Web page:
A mum came to my last night with questions about how to respond to her 11 year old daughter. Her daughter had begun standing in front of the mirror, “Look at my stomach. I think it’s bloated. I’m putting on weight.” Her mum responded, “You are skin and bone. You look like you need to eat a burger.” And then she worried she’d said the wrong thing. Why was she needing to talk to an 11 year old about her weight? …. and where were these ideas coming from?
First up, I want all parents to know that tweens are notorious for body image issues. Their body confidence might wobble as they confront the rapid physical, emotional and social changes associated with puberty. This wobble might surface in girls refusing to play sport or attend ballet or wear certain clothing. It might surface in boys feeling self-conscious and timid around those larger and stronger than them. Like in every area of life, parents can offer a steady hand during these times.
A quick definition: Body image is how you think and feel about your body and what you imagine that it looks like. It may or may not be a reflection of your actual appearance. Poor body image affects young people in so many ways – eating disorders, depression, social anxiety and low self-esteem are just a few – so we want to get in early and install confidence and self-love in our tweens.
I find that discussions about body image issues are often dominated by ideals and theory, both which are difficult to transfer to young hearts. Tweens are concrete learners and need tangible, practical information and real life examples in order to learn. That is why I wanted this blog post to be super practical. Below I have included some practical ways to support thoughts a child who has suddenly become body conscious:
Tip 1: Tween are journeying through a period of time when their body is literally changing, so it WILL feel different. It may be widening, or they may be holding body weight in preparation to grow. Changing hormones can determine how much fluid bodies hold too. If they (and we) understand that it is a normal part of their development, it may help normalise it. A low degree of body image issues are normal at this age.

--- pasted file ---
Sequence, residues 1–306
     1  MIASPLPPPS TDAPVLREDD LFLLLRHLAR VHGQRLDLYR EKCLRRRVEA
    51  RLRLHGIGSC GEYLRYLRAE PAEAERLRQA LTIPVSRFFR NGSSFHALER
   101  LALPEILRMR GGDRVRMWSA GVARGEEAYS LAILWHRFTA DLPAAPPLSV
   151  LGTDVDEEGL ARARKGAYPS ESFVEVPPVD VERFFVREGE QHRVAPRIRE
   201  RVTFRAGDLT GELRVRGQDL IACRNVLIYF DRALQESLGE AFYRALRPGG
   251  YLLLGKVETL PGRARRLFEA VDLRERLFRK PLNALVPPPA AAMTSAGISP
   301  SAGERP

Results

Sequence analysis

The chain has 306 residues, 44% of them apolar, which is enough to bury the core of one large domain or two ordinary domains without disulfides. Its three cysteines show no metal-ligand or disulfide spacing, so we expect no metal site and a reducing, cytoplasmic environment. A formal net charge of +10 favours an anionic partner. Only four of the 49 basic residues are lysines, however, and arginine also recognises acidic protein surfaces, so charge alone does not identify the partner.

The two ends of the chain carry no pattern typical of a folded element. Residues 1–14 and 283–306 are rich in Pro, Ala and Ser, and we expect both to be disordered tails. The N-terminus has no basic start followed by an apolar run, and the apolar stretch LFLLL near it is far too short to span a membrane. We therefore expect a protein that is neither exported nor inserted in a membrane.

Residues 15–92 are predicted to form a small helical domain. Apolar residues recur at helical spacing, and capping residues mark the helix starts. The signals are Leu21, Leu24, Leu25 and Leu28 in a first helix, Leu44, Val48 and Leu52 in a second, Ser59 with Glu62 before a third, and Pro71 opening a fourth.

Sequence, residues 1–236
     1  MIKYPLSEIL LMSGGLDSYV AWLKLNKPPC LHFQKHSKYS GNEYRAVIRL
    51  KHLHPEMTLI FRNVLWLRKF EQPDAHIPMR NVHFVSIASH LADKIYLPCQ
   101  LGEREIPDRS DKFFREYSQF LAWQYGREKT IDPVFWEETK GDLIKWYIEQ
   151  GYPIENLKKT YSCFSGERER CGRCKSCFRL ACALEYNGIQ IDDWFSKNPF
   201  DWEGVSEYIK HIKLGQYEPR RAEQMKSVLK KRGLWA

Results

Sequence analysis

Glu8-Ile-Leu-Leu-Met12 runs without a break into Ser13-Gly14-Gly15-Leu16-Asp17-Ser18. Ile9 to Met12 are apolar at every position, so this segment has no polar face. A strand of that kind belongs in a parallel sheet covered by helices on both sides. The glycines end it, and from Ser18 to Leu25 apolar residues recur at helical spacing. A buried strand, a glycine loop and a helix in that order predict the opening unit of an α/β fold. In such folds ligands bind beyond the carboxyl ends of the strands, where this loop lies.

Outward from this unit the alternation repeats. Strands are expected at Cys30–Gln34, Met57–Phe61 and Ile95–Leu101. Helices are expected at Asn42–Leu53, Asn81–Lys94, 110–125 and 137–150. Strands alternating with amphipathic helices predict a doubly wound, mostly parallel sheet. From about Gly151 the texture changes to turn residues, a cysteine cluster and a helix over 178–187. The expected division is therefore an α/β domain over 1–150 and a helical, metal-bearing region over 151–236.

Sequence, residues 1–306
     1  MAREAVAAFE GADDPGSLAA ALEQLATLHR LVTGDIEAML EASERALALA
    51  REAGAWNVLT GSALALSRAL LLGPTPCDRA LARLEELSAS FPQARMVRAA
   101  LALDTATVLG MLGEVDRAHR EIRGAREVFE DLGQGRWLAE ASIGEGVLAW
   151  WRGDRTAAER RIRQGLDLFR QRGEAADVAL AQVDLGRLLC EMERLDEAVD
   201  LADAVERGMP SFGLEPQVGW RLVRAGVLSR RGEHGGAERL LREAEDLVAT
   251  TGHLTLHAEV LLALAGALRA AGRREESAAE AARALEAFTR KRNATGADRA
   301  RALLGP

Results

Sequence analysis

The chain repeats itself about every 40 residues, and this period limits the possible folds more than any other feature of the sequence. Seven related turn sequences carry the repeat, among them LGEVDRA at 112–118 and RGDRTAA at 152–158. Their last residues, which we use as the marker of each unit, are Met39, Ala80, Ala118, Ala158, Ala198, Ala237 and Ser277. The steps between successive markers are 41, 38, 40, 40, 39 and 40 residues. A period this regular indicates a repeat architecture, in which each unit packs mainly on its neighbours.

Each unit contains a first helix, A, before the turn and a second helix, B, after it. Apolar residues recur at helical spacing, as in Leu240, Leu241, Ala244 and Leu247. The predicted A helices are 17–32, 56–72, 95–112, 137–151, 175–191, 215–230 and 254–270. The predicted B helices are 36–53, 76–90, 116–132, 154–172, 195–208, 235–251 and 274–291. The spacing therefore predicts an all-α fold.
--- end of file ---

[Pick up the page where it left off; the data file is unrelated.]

Tip 2: Approach negative body talk with equal parts of empathy + education. Education says, “Your body is amazing. Do you know what it looks like in there? Let’s talk about what’s normal and what isn’t. Do you know how hard this body is working for you?” Empathy says, “I remember wondering about my weight at your age. There is a lot changing at once, and all your friends will be experiencing puberty differently.”
Tip 3: Our tweens are surrounded by socially constructed ideas about beauty. They do digest media messages about health as well as beauty from the fashion industry. Some are unhealthy and others aren’t relevant to them. They may define beauty based on what they believe is acceptable and popular, and then question whether they fit into those constructs. That is why it is so important to be know what they are looking at online and help them question / understand what they see and hear.
Tip 4: Tweens are very open (too often) to feedback about themselves in both real and online conversations. Awareness of other’s judgments are a real part of growing up. There is nothing harder than someone’s body being judged, criticised, used or rejected by others. There may be times when someone’s negative comment can have a big impact on them. Our reassurance and education around varying body shapes and sizes may not soften the feelings of self-consciousness, but it may give them another lens to see things through. Your acceptance and respect are a great foundation.